I want to buy a new computer, I was doing fine with understanding what processor and memory I need.. but on the Graphics Card I get completely lost.

I want my computer to run great Photoshop and After Effects, then if the budget allows it would be great to run 3d (right now it's not my Specialty, but I want to get into that).

What should I be looking for in a Graphics Card for this? What is important and what isn't?

  • 3
    It's possible your question will get close for being too broad & hardware related. We can't really tell you what to buy. When you need to purchase a computer, you can go look at the system requirements for the software you want to use, and then get something a bit higher if you can. Keep in mind that PC (you can't afford much more than mac mini at $1000 and it's not enough for 3D but good enough for design) have a "short" lifespan of +/-3-4 years usually. If you don't plan to learn 3D within that time, forget about it for now when shopping for a PC! Also depends what kind of 3D you want to do
    – go-junta
    Nov 29, 2015 at 11:24
  • havent thought about the life span.. that's true, thanks i guess im asking other designers that bought a computer recently what did they bought...
    – tom kenar
    Nov 29, 2015 at 12:17

1 Answer 1


This is not a complete answer. But here it goes a generic one.

1) Memory matters. So look for at least 8Gb.

2) Probably the safest bet in brute force processor now is i7. Look for the biggest number of the series. For example a i7 3xxx is third generation. A 4xxx is fourth and so on. The newer the better and cooler working environment.

Some process use several cores, no all of them. Just things like filters and renders.

3) But some processes now are done with the GPU not CPU so look for a good graphic card. There are some 3D rendering processes optimized for CUDA, which is a Nvidia software, so I would stay on that brand. A good GeForce will do.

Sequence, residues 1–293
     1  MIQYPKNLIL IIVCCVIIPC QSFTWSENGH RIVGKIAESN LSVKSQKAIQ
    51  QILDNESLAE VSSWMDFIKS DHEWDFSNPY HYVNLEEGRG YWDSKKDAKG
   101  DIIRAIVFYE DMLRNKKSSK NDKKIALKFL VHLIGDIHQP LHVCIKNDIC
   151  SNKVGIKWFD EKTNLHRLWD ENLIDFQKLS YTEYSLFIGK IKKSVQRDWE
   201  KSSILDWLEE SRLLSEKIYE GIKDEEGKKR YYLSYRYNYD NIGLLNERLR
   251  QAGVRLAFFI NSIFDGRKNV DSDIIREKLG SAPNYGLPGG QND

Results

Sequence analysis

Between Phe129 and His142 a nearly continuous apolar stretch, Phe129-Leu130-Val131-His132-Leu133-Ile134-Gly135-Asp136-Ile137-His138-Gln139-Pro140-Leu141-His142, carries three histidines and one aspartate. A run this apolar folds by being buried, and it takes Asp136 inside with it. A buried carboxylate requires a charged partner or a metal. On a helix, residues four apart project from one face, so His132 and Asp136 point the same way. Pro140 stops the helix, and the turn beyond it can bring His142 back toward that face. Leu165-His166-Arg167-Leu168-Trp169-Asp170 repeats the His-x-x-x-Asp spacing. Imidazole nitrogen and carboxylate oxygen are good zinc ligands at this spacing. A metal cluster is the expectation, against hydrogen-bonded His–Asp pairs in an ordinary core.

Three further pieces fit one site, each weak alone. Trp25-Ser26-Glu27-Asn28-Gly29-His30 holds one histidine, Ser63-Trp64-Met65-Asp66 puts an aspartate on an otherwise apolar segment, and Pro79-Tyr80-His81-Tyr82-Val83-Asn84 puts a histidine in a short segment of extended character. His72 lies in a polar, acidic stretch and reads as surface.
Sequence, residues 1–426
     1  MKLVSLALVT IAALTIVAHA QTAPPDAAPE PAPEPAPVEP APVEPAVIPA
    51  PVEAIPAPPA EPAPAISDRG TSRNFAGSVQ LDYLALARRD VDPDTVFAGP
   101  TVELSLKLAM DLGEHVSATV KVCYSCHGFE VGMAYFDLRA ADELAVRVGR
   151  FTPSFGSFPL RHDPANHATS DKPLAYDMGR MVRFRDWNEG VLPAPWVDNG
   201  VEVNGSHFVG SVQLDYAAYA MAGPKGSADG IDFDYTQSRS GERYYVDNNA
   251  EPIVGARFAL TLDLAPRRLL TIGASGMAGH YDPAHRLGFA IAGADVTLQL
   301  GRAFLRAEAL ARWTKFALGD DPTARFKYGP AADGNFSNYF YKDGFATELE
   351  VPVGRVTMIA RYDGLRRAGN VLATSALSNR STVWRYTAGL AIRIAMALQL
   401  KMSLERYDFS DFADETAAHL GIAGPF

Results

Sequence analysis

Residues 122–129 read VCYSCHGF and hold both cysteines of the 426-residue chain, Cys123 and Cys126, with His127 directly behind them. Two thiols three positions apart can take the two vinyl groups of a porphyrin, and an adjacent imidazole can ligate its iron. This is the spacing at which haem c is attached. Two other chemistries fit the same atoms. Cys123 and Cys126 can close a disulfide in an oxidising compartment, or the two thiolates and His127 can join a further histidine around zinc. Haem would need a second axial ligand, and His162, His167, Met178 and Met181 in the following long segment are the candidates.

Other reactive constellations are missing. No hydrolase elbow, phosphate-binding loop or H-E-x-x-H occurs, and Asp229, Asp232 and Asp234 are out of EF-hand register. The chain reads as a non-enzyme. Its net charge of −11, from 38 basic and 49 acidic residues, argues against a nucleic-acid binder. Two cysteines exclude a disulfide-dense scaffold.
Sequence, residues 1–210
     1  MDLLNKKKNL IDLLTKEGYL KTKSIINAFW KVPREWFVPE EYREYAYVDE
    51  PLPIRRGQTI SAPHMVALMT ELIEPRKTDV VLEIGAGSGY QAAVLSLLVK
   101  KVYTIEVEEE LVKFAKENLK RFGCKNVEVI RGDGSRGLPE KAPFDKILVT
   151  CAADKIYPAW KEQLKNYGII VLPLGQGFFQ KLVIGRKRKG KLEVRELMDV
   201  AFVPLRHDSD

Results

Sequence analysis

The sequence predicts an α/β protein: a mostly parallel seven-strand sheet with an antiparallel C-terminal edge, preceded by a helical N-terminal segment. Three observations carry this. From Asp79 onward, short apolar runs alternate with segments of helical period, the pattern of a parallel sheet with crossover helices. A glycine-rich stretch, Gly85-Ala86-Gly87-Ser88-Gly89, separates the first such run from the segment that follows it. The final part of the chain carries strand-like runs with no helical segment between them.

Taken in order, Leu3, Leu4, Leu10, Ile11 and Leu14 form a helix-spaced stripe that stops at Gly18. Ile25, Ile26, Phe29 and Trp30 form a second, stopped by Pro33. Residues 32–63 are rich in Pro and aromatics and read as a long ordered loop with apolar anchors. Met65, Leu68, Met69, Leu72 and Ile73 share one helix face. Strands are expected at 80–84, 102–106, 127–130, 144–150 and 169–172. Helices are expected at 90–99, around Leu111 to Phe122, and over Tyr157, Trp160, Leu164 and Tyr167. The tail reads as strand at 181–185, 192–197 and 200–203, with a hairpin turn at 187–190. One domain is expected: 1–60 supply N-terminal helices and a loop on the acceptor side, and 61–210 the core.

4) Do not underestimate a good monitor... a big one is better, I like using 23-24 inches diagonal. 32 is too much for me.

5) Save some bucks to buy one monitor calibrating hardware, like Colourmunki. http://www.colormunki.com/

6) A good motherboard is necessary. This point is probably the trickiest, because one change in a component can make a difference in performance. You need one that is optimized for the processor you need, and have enough expansion slots to upgrade later.

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    I'd suggest at least 16gb for the ram. 8gb is a pain. Hard disk minimum 500gb, ideally 1tb. And I guess you meant GeForce.... ideally 2gb+ video memory. (Great resource for any hardware questions: tomshardware.com)
    – go-junta
    Nov 29, 2015 at 19:59
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    @go-junta Or to put it more exactly: storage disk 1 TB or bigger; system/app disk doesn't need to be that big but should if at all possible not be a hard disk, but an SSD. Nov 29, 2015 at 23:23
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    It all depends. 16gb is overkill for a lot of stuff. Even 8gb may be more than one needs. All depends on what they wan to use it for. Granted, if you can afford the memory, always get it. But it all has to be factored into the overall budget.
    – DA01
    Nov 30, 2015 at 0:09
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    @DA01 the purpose of ram means its better to have too much than even a byte too little. 8Gb is standard but on the edge of risking it. 16 is much safer, I almost newer run over 16. But I only rarely max out to 32 Gb and only when i do FEM calculation.
    – joojaa
    Nov 30, 2015 at 4:23
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    @joojaa I'd never argue you can have too much. Just saying that even with 32GB of RAM, if I can't afford a decent monitor as well, it's for naught. :)
    – DA01
    Nov 30, 2015 at 5:29

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